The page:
Long days and nights go hand in hand with the design process. Iteration after iteration, little tweaks, new ideas and features are all good, but sleepless nights are not. Fresh designs on paper or on screen can look great and components can be well thought out but nothing beats testing in the real world.
ACE was designed from the ground up, in house by See.Sense with a new style tied to our previous lights. However a couple of key features are new and completely different to 2.0 or ICON. The biggest change? The clip mount.
The design of the new clip went through at least 20 iterations, each one with a 3D printed prototype, tested on the road and refined as we went. Once we had something we were happy with it was time to get it machined from the ASA plastic that will be used when we hit the button to manufacture. The plan was to replicate the part as close to a production part as possible - so we can test it to destruction and make sure that ACE lights will never, ever fall out of their mount.
Enter Eddie. An absolute gent with over 50 years experience in the manufacturing industry and a genius in a machine shop. Eddie has built automated machinery to make everything from ‘handmade’ bricks to surfboards, as well as hundreds of smaller pieces of kit.
His workshop on the Ards Peninsula is 25m from the beach and is a treasure trove of engineering. The smell of lubricant and swarf greet you when entering the unassuming building leading to a goldmine of milling machines, lathes and selection of pillar drills for any job.
He was tasked with creating two testing rigs for us to ensure our clip design was up to task, one to clip the light in and out thousands of times and one to act as a stress test.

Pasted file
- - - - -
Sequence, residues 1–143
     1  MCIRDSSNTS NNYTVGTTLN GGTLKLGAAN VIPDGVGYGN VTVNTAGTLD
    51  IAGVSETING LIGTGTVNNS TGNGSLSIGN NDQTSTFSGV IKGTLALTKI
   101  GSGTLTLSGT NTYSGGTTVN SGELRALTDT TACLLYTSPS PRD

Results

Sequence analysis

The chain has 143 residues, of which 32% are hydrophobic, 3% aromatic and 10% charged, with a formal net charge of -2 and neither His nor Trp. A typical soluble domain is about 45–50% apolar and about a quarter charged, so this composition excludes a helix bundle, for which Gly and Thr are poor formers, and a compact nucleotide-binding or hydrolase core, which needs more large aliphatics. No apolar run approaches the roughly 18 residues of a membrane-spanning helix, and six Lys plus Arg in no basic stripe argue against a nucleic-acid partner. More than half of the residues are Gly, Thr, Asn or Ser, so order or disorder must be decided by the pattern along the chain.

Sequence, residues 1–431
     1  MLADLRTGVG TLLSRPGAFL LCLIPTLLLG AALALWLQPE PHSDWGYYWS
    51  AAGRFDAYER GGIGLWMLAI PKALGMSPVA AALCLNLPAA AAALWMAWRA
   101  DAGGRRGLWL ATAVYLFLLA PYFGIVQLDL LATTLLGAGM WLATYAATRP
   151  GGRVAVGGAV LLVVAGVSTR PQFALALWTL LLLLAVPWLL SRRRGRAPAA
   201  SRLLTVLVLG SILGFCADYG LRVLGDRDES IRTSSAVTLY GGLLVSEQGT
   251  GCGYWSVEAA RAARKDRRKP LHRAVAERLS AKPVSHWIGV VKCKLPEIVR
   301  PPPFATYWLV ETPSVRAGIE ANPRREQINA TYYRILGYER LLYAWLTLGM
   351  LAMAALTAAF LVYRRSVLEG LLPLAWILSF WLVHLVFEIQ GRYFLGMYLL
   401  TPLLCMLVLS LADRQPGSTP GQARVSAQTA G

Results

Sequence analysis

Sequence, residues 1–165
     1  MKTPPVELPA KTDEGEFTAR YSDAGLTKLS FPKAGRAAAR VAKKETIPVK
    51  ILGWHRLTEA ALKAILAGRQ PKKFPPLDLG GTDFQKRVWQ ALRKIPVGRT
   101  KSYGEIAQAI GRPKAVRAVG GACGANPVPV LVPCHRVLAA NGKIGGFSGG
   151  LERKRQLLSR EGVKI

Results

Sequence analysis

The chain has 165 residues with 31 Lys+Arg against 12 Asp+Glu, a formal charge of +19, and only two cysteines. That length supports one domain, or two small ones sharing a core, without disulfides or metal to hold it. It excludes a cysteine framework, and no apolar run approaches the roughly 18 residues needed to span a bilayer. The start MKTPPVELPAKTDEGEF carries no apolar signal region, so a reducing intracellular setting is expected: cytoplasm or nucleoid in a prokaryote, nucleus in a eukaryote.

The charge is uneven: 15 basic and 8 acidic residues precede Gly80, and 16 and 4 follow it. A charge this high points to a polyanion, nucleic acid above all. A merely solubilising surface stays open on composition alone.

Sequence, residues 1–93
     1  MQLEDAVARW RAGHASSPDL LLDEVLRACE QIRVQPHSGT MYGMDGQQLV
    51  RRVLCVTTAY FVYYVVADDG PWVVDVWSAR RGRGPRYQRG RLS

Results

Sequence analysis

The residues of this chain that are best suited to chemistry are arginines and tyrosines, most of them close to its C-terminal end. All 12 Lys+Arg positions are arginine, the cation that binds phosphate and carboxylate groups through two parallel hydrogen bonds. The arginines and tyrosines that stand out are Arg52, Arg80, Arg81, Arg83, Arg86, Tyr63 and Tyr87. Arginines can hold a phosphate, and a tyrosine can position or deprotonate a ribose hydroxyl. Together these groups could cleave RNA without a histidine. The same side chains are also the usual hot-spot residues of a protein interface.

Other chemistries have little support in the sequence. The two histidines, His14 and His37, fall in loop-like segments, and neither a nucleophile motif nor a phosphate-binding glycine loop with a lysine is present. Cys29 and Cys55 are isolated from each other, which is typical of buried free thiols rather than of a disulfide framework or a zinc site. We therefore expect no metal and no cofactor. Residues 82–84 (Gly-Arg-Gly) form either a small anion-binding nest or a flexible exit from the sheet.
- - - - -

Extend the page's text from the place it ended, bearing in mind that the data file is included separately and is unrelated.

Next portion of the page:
We wanted to test the clip far beyond what it would be expected to deal with throughout its life. So say you clip your ACE in and out four times a day and you rode your bike an incredible 365 days a year, that's 1,460 clips a year. We wanted to test to see if the clip could maintain its performance after a simulated 10 year period, being clipped in and out 4 times a day, 14,600 clips. You will be glad to hear the 14600th click was as good as the 1st.
The stress test was designed to see if the plastic fatigues after a being pushed past its working limit, over and over again. We pushed the clip open more than 3 times the amount it would be expected to cope with to work. Happy to say we haven’t found any of out test samples that have deformed or failed, all returning to the same form they held at the beginning of the test.
We know most people don’t ride their bikes at room temperature so have also run both tests in an oven set to 50degrees and also in sub zero temperatures, just to make 100% sure that our new clip performs as it should.
We built these rigs and ran these tests to make sure our new clip works as it should, and will continue to work for many many years. Making our customers happy, and letting the designers and engineers at See.Sense sleep easily.